Friday, 13 March 2009

Ravens Ready for Redemption

Ravens ready for national redemption

By Sigrid Forberg, Thursday, 12 March 2009

Last year, after five consecutive national championships, the Ravens were set to swoop in and clinch their sixth straight in the comfort of their hometown. But the disappointing loss to the Acadia Axemen in double-overtime ended their aspirations for topping the University of Victoria’s record of seven straight titles.

Carleton University is hosting the Canadian Interuniversity Sport men’s basketball championship March 13-15 at Scotiabank Place. It will be the second year in their three-year hosting contract.

Stuart Turnbull, the team’s captain, plays guard for the Ravens and was just recently named the Ontario University Athletics East player of the year. He says while the loss last year was a real disappointment, he doesn’t feel as nervous going into the tournament this year.

“I think there’s less pressure this year,” says Turnbull. “We don’t have to worry about the record so we can just go out there, have fun and try our hardest.”

Head coach Dave Smart says winning the nationals is about more than just hard work.

“So far, we’re doing well but a lot of things can happen,” says Smart. “We won five in a row and every one of those we could have lost in the same way as the semi-final last year. I mean you get a call, you don’t get a call. You make a shot, you don’t make a shot. Things just didn’t fall our way.”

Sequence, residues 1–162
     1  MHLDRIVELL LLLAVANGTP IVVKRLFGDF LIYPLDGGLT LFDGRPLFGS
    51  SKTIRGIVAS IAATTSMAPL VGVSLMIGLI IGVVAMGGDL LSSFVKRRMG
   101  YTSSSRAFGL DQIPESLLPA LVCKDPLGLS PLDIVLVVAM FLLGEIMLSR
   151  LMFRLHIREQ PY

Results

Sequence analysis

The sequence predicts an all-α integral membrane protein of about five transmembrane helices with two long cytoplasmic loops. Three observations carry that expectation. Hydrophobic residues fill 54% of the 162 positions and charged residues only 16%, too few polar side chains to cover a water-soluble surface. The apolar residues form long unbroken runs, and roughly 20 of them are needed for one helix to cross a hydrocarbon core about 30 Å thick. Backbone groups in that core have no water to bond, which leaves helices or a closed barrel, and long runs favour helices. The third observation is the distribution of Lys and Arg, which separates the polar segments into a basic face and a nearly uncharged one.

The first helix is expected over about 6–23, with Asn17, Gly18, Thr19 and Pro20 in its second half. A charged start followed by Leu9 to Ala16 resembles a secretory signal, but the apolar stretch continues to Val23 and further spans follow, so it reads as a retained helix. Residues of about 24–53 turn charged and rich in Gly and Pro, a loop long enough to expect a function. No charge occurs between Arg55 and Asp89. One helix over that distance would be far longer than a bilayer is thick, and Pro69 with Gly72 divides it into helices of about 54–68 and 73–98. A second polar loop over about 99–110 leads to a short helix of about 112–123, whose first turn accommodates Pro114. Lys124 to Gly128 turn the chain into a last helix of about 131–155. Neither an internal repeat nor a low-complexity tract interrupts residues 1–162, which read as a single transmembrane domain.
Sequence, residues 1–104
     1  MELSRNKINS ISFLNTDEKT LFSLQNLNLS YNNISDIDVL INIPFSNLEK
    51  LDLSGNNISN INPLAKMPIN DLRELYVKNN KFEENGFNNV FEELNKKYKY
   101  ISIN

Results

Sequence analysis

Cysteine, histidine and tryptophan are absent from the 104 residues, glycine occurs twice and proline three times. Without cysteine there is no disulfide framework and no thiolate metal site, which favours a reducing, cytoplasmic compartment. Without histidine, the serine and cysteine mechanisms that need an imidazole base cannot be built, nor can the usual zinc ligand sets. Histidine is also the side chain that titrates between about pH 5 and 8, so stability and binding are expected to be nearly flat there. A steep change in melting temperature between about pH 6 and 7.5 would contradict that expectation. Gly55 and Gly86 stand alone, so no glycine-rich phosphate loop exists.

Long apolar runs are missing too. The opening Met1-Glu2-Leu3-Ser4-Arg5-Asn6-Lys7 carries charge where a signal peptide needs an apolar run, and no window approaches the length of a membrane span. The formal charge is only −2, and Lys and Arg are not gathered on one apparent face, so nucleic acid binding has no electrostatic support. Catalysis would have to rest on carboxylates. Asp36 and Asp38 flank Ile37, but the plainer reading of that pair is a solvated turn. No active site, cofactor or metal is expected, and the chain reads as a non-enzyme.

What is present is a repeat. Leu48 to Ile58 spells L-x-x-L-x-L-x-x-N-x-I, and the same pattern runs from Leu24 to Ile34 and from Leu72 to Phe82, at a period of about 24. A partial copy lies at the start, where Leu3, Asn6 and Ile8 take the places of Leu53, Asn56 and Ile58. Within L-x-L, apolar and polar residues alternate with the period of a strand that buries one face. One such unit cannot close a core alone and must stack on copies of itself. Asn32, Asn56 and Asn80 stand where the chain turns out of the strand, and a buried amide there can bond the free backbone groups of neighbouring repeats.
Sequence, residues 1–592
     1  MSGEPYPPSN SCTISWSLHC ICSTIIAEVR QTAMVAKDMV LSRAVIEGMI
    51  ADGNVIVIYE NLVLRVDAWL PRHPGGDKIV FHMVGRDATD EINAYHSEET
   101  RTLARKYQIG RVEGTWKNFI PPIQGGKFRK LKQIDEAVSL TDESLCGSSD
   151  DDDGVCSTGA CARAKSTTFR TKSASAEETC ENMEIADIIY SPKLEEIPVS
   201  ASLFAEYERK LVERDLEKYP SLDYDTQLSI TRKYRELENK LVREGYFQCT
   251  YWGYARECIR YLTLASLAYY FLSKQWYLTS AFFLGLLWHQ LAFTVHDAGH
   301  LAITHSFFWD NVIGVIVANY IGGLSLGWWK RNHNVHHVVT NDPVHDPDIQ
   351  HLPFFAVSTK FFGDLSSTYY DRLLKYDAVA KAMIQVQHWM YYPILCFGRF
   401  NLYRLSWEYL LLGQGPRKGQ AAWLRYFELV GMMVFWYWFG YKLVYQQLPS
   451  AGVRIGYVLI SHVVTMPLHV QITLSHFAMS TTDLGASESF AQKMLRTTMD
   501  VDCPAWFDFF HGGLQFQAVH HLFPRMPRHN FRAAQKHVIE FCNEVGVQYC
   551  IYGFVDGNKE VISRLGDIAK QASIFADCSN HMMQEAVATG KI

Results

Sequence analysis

Smart says he isn’t changing anything about the team’s practice schedule with the tournament coming up.

He adds that since they’re fortunate enough to play three of the best five national teams in their league, they understand the level of competition they will come up against.

One of these elite teams is the University of Ottawa Gee-Gees. In recent years, the Gee-Gees have become worthy opponents of the Ravens – Smart even said they might be the better team.

The Ravens and Gee-Gees faced off in the OUA East men’s basketball championship in the Raven’s Nest at Carleton University on March 4.

The game certainly lived up to the hype of the rivalry between the two teams. It was a fierce and fast-paced game throughout the first half – the Gee-Gees scored their first basket in under 20 seconds. It was back-and-forth until the Ravens pulled ahead in the third quarter. Carleton ended up winning the game 82-61.

Nemanja Baletic plays forward for the Gee-Gees. He says the team is disappointed with the loss, but that they definitely tried their hardest and didn’t give up until the final buzzer.

The Gee-Gees beat the University of Windsor on March 7 to secure a spot in the tournament.

Baletic says he thinks the rivalry between the two Ottawa-based teams is one of the strongest in Canadian basketball, and he hopes to get a chance to play against Carleton again.

“It’s like when an unstoppable force meets an immovable object,” says Baletic. “But it’s something positive – it brings out the best in us, forcing both teams to work their hardest.”

And David Kent, the manager of Marketing and Communications for Carleton Athletics, says rivalries like this make the tournament more exciting.

“My hopes are simple,” says Kent. “I want to see the better calibre teams play because that makes it a better calibre tournament and we have to remember that we are also hosting next year. If all the games are bad by large spreads, that turns people off. People like nail-biters to the end and that is what I hope we give them.”

And given the expectations, competition and bitter rivalries, the tournament is sure to deliver great basketball for both local and national fans.

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